On Being a Scientist: Third Edition: 2009. ISBN-10: 0-309-11970-7 ISBN-13: 978-0-309-11970-2. 82 pages
Quote from page 8:
“Researchers who manipulate their data in ways that deceive others, even if the manipulation seems insignificant at the time, are violating both the basic values and widely accepted professional standards of science. Researchers draw conclusions based on their observations of nature. If data are altered to present a case that is stronger than the data warrant, researchers fail to fulfill all three of the obligations described at the beginning of this guide. They mislead their colleagues and potentially impede progress in their field or research. They undermine their own authority and trustworthiness as researchers. And they introduce information into the scientific record that could cause harm to the broader society, as when the dangers of a medical treatment are understated.”
http://pielkeclimatesci.wordpress.com/2010/01/18/national-academies-press-book-on-being-a-scientist-third-edition-2009/

Hans Erren said...

On homogenisation:
How do you know that a thermometer placed on the first floor on the shaded north facade of a building (current up to the 20th century), is on average warmer than a thermometer in a stephenson hut on a grassfield?

Reiner Grundmann said...

Eduardo, you say
"One could argue that the Mann et al reconstruction of 1998 (the hockey stick) only goes up to 1980, but I think it s difficult to prove that the decline was hidden here on purpose. In the two cases mentioned above, it was and it should not have"

What sense would it make for Jones to claim that he
"just completed Mike's Nature trick of adding in the real temps to each series for the last 20 years (ie from 1981 onwards) amd from 1961 for Keith's to hide the decline"
--if Mann had not done this in his original paper?

eduardo said...

@ 21
Reiner,

the Mann et al. 1998 reconstruction goes up to 1980. In their paper they dont 'clearly' merge the reconstructions and the instrumental data, (except perhaps to produce the time-smoothed reconstruction at the end point); they are shown in the same plot but with different line patterns.
So the question would be: did they stop at 1980 because they didnt want to show the 'decline' or because they didnt have up-dated proxy data?
I do believe that they knew about the decline. Jones' mail is clear but they are his words, not Mann's. So it is difficult to prove; that is what I meant.

Other than that, I am not the one defending Mann et al. here. On the basis of Mann et al., I think you cannot claim the year 1998 was the warmest in the millennium, since you would be comparing data sets of different nature.

Stan said...

More reasons not to allow anyone to keeps secrets or control the data. http://climateaudit.org/2010/01/23/nasa-hide-this-after-jim-checks-it/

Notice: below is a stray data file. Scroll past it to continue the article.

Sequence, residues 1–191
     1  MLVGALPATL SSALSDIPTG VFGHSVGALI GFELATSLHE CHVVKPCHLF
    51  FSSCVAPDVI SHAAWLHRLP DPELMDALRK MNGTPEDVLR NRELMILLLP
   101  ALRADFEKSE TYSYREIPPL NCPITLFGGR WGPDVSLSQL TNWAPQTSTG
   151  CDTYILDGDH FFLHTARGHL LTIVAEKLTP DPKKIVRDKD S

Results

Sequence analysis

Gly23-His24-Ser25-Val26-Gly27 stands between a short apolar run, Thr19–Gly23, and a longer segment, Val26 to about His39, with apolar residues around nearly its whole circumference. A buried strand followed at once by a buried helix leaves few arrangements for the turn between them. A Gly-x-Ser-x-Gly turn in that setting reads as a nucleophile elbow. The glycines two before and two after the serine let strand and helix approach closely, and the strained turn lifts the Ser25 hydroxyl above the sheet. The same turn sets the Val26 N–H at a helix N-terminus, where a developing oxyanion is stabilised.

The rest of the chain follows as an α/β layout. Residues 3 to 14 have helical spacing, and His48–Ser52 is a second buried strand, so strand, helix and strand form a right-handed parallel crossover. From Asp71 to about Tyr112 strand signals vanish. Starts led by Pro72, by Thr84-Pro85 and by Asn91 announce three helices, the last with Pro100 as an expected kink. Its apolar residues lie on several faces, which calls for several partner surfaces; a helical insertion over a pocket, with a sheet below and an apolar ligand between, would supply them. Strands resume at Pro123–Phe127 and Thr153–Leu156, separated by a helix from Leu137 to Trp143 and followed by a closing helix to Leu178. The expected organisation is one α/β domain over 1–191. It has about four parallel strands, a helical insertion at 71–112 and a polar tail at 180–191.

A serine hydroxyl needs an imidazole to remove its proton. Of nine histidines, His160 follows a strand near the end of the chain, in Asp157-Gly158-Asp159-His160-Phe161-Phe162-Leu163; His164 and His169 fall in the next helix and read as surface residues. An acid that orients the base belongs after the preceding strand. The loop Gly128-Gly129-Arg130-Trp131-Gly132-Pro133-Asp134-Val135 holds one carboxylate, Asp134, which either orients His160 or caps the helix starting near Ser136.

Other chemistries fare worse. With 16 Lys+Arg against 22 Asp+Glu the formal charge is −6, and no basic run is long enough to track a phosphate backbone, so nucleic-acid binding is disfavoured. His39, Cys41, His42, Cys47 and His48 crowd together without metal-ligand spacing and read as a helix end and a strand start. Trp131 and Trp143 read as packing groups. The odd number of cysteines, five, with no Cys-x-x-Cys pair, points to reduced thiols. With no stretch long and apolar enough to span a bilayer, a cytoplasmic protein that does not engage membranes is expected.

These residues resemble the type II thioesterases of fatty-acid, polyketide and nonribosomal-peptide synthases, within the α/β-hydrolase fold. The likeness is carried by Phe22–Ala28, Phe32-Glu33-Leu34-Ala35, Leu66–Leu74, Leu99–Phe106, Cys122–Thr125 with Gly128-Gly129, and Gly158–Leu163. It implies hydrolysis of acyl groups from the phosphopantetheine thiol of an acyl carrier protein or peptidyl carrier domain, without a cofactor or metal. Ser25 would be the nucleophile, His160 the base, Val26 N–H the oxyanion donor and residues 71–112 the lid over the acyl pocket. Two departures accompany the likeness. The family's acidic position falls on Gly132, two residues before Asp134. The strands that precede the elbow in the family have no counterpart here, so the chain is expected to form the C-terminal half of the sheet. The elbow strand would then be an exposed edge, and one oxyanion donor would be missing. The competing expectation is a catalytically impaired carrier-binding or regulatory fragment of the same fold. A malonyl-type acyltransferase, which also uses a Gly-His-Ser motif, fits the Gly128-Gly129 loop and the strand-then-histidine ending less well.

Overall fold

Power corrupts. Absolute power corrupts absolutely.

Let the disinfecting sunshine in. The stench is overwhelming.

eduardo said...

@ 17
TCO wrote '.I said that if it did, the physicists would rip the tits off of the person lying about his temperature versus conductivity plot. I don't see the same type of response here in climate world..Ask yourself what you would think of someone who decided to cover up a conductivity plunge..'

I spoke up about this, so you dont need to ask me :-) If the AGUs and EGUs of the world didnt, they will have their own reasons. My feeling is that they didnt believe this affair was going to swell in the way it has. That even Schellnhuber is talking about IPCC reform would have been unthinkable in November.

Leigh Jackson said...

A thoughtful article exploring questions more difficult than some will allow. What matters most is honesty of intention. To hand over an axe to a woodsman is one thing; to hand it to an axe-murderer is another.

Leigh Jackson said...

Eduardo 22
Your comment echoes the conclusion of
the National Academies report "Surface Temperature Reconstructions for the Last 2000 Years":

"The basic conclusion of Mann et al. (1998, 1999) was that the late 20th century warmth in the Northern Hemisphere was unprecedented during at least the last 1,000 years. This conclusion has subsequently been supported by an array of evidence that includes both additional large-scale surface temperature reconstructions and pronounced changes in a variety of local proxy indicators, such as melting on ice caps and the retreat of glaciers around the world, which in many cases appear to be unprecedented during at least the last 2,000 years... The substantial uncertainties currently present in the quantitative assessment of large-scale surface temperature changes prior to about A.D. 1600 lower our confidence in this conclusion compared to the high level of confidence we place in the Little Ice Age cooling and 20th century warming. Even less confidence can be placed in the original conclusions by Mann et al. (1999) that “the 1990s are likely the warmest decade, and 1998 the warmest year, in at least a millennium” because the uncertainties inherent in temperature reconstructions for individual years and decades are larger than those for longer time periods and because not all of the available proxies record temperature information on such short timescales."

I cannot see the word "hiding" in the report. Peer-review failure by the National Academies?

MikeR said...

Maybe this is the right venue to ask for clarification of the recent claims that 90% of the worlds' thermometers have been dropped from the GISS calculations for recent years, predominantly leaving the ones in warmer areas. It seems to me a remarkable accusation, and it comes from someone who apparently put a lot of time into reproducing the GISS data analysis. See many posts at http://chiefio.wordpress.com/
Has there been a rebuttal, or a response?